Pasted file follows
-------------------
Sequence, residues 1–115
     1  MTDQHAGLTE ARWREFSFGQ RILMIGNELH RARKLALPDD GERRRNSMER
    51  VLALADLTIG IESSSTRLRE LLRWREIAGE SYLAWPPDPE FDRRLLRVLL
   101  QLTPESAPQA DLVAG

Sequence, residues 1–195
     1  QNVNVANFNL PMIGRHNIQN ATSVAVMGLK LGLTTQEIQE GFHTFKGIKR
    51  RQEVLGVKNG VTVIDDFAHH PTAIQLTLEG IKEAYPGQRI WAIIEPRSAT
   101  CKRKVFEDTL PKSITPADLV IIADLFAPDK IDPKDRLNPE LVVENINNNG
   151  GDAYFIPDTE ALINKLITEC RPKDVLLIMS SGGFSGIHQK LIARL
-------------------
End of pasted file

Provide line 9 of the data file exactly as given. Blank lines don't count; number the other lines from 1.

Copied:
   151  GDAYFIPDTE ALINKLITEC RPKDVLLIMS SGGFSGIHQK LIARL